David Bourget (Western Ontario)
David Chalmers (ANU, NYU)
Rafael De Clercq
Ezio Di Nucci
Jack Alan Reynolds
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Foundations of Science 10 (4):371-393 (2005)
This paper is an attempt to further our understanding of mechanisms conceived of as ontologically separable from laws. What opportunities are there for a mechanistic perspective to be independent of, or even more fundamental than, a law perspective? Advocates of the mechanistic view often play with the possibility of internal and external reliability, or with the paralleling possibilities of enforcing, counteracting, redirecting, etc., the mechanisms’ power to produce To further this discussion I adopt a trope ontology. It is independent of the notion of law, and can easily be adapted to account for such characteristics of mechanisms. The idea of tropes as mechanisms is worked out in some detail. According to the resulting picture, there is still an opportunity to link mechanisms and laws. But while the predominant law view conceives of mechanistic approaches as special kinds of law accounts, this study indicates that the converse may be true. Law accounts are special cases of mechanistic accounts, and they work only in those worlds where the mechanisms are of the right kind.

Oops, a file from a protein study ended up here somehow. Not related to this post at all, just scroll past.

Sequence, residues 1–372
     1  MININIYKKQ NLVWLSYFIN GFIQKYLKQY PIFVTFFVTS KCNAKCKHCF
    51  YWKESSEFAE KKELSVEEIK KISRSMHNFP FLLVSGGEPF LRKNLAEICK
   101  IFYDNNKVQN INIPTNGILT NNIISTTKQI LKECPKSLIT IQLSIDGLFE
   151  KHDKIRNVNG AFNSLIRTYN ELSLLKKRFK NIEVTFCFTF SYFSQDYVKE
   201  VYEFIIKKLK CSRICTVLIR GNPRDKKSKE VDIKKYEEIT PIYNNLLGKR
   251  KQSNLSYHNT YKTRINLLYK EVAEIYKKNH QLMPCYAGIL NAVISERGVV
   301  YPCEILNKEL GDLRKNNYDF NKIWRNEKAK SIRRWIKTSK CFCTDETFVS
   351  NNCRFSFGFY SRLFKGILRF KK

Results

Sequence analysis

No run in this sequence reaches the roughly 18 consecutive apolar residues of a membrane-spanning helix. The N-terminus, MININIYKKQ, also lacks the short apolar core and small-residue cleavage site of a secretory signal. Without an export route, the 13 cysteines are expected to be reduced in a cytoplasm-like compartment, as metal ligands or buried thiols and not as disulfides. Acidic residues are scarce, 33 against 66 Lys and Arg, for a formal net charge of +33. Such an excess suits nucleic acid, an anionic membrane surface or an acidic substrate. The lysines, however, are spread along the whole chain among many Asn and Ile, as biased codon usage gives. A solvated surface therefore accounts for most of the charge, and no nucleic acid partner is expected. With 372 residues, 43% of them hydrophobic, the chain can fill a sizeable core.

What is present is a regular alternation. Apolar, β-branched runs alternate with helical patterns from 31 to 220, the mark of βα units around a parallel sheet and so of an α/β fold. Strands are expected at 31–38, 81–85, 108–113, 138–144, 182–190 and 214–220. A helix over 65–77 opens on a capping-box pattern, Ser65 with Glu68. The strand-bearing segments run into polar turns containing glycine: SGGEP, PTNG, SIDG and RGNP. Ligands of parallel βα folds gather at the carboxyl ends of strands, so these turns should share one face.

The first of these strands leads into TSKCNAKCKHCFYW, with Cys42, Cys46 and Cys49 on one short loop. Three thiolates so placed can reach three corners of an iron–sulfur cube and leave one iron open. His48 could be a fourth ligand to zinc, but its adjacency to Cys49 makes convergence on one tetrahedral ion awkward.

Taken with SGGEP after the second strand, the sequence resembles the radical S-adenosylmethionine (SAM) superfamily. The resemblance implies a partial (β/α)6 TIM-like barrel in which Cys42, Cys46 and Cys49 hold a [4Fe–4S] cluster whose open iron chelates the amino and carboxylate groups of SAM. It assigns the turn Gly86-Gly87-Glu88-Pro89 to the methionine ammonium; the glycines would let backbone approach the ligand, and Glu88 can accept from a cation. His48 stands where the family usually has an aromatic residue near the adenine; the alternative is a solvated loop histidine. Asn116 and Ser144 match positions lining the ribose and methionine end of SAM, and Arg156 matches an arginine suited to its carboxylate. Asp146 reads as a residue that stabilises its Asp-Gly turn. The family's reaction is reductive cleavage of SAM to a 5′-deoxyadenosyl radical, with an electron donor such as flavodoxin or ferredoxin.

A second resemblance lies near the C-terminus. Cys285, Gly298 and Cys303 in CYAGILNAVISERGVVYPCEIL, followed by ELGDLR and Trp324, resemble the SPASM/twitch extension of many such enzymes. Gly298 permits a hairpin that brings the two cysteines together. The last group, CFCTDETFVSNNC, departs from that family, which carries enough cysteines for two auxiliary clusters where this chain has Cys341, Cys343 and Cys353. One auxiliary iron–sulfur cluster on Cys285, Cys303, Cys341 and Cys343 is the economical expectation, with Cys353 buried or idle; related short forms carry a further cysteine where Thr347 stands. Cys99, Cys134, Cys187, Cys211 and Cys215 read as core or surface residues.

|Keywords||mechanisms mechanistic explanation tropes Elster|
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References found in this work BETA
Nancy Cartwright (1999). The Dappled World: A Study of the Boundaries of Science. Cambridge University Press.
Nancy Cartwright (1983). How the Laws of Physics Lie. Oxford University Press.
Jon Elster (2012). Nuts and Bolts for the Social Sciences. Cambridge University Press.
Peter K. Machamer, Lindley Darden & Carl F. Craver (2000). Thinking About Mechanisms. Philosophy of Science 67 (1):1-25.
Carl Gustav Hempel (1965). Aspects of Scientific Explanation. In Philosophy and Phenomenological Research. Free Press 504.
Citations of this work BETA
Nils-Eric Sahlin, Annika Wallin & Johannes Persson (2010). Decision Science: From Ramsey to Dual Process Theories. Synthese 172 (1):129 - 143.
Steve Fleetwood (2009). The Ontology of Things, Properties and Powers. Journal of Critical Realism 8 (3):343-366.
Johannes Persson (2006). Compartment Causation. Synthese 149 (3):535 - 550.
Johannes Persson (2012). Mechanistic Explanation in Social Contexts: Elster and the Problem of Local Scientific Growth. Social Epistemology 26 (1):105-114.
Johannes Persson (2006). Compartment Causation. Synthese 149 (3):535-550.
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